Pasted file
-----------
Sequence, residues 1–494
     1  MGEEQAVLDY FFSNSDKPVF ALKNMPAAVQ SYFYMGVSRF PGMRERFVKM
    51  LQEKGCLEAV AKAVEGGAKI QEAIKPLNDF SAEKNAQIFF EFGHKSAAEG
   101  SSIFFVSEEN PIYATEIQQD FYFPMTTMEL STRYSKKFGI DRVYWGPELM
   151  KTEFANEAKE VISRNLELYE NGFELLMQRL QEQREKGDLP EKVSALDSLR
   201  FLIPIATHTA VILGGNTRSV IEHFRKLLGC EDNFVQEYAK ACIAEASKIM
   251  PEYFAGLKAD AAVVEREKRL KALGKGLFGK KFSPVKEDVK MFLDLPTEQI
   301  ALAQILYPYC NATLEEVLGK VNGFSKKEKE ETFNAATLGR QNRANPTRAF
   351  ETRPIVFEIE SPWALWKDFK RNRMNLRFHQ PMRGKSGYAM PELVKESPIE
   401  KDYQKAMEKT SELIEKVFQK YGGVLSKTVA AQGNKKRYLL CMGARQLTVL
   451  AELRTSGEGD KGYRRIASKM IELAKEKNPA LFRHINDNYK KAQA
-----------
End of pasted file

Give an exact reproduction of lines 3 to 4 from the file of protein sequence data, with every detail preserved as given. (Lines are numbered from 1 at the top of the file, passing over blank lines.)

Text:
    51  LQEKGCLEAV AKAVEGGAKI QEAIKPLNDF SAEKNAQIFF EFGHKSAAEG
   101  SSIFFVSEEN PIYATEIQQD FYFPMTTMEL STRYSKKFGI DRVYWGPELM